the special case of a steady flow the
vortex lines are independent of time.
Reynolds Transport Relation
Reynolds transport theorem is a useful way to calculate the rate of change of a
quantity inside a volume that deforms with a solid (e.g. the total mass of a
volume). Let be any scalar valued property of a material
particle at position y in the
deformed solid. The Reynolds transport
relation states that rate of change of the total value of this property within
a volume V of a deformed solid can be
Note that the material volume
V and surface S convect with the deforming solid they are not control volumes.
To see this, note that we can’t
take the time derivative inside the integral because the volume changes with
time as the solid deforms. But we can
map the integral back to the reference configuration, which is time independent
the derivative can then be taken inside the
The last result follows by
noting that . Then note that and apply the divergence theorem to this term.
Transport Relations for material curves and surfaces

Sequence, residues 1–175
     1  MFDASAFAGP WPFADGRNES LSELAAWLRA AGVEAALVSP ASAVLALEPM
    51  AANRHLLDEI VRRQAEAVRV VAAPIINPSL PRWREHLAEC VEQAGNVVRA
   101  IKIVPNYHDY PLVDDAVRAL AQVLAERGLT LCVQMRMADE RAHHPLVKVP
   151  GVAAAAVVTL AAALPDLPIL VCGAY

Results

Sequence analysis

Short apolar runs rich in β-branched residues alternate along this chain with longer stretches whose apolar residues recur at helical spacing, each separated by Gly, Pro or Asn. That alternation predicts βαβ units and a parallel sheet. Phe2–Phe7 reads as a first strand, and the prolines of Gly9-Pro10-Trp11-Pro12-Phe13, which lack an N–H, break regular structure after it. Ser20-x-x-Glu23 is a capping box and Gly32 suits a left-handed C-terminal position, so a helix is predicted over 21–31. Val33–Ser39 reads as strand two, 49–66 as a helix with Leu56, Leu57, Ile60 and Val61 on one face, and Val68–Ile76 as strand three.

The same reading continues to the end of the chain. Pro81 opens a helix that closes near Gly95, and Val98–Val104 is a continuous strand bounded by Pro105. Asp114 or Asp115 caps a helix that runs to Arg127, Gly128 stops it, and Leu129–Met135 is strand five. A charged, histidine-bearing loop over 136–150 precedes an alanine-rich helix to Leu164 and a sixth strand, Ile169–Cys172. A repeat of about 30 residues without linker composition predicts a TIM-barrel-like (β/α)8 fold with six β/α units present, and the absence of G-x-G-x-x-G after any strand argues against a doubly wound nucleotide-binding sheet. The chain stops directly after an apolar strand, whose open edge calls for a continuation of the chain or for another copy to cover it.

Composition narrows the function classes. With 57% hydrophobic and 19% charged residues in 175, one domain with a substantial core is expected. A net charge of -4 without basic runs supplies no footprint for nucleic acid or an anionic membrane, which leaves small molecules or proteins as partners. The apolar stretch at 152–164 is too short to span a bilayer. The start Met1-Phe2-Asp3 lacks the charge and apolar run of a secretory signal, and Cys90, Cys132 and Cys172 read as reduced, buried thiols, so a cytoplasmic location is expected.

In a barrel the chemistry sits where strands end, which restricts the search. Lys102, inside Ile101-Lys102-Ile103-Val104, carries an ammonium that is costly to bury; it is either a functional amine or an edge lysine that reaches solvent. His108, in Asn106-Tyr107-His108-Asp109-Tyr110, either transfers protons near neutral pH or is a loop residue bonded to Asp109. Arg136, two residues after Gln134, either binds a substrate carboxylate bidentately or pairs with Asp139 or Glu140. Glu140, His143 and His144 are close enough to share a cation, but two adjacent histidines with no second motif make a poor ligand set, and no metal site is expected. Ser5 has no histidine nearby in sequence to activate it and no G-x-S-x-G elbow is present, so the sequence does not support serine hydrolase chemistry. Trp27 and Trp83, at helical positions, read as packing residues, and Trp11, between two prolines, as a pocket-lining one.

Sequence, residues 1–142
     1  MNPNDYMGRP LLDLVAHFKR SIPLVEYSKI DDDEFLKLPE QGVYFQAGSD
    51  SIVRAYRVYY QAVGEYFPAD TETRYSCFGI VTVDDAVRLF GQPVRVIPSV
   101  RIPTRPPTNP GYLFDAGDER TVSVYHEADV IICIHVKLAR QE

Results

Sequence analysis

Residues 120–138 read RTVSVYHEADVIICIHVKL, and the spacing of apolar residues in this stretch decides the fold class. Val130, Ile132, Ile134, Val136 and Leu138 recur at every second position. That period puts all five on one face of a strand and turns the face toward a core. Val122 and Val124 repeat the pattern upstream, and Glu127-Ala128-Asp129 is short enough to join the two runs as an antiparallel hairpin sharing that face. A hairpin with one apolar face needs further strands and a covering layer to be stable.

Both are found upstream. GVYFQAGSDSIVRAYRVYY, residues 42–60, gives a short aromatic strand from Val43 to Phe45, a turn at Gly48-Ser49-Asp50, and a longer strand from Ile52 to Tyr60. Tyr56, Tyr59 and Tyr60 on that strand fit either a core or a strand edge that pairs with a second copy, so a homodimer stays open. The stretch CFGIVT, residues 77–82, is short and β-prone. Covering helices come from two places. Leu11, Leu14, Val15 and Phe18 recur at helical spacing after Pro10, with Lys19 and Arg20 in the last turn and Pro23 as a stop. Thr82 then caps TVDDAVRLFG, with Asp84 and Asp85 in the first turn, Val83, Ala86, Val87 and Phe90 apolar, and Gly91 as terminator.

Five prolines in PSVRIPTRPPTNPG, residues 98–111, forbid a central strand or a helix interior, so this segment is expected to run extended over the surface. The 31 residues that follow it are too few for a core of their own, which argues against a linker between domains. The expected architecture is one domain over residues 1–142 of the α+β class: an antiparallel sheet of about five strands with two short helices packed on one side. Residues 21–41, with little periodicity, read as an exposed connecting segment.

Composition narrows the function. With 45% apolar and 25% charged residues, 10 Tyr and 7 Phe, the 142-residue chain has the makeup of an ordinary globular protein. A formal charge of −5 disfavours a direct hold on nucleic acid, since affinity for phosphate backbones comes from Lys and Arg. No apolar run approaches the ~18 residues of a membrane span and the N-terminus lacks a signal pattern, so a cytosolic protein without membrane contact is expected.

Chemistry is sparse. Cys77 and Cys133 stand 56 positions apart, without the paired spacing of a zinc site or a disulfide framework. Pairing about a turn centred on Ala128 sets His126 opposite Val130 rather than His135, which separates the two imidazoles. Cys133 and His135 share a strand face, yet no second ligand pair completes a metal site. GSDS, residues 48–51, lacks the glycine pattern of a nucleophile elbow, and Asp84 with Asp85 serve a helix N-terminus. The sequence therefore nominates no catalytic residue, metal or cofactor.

transport relations can be derived for material curves and surfaces which
convect with a deformable solid or fluid.
Let C be a material curve in a deformable solid; and let S be an interior surface with normal
vector n. Let be any scalar valued property of a material
particle at position y in the
deformed solid. Then
To show the first result, start
by mapping the integral to the reference configuration, then take the time
derivative, and map back to the current configuration, as follows
To show the second, apply the
same process to the surface integral.
The details are left as an exercise…
3.28 Circulation and the circulation transport relation
The circulation of the velocity field around a closed curve C is defined as
where is a unit vector tangent to the curve. If C
is a reducible curve (i.e. if there is a regular, open surface S bounded
by C that lies within the
configuration) then Stokes theorem shows that
The circulation transport
relation states that
for any material curve (i.e.
a curve that convects with material particles within a body). To see this recall the transport relation for
a material curve, and set
because C is a closed curve.
Kelvin’s circulation theorem is a direct consequence of this result. The theorem states that if the acceleration
is the gradient of a potential, then the circulation around any closed material
curve remains constant. To see this,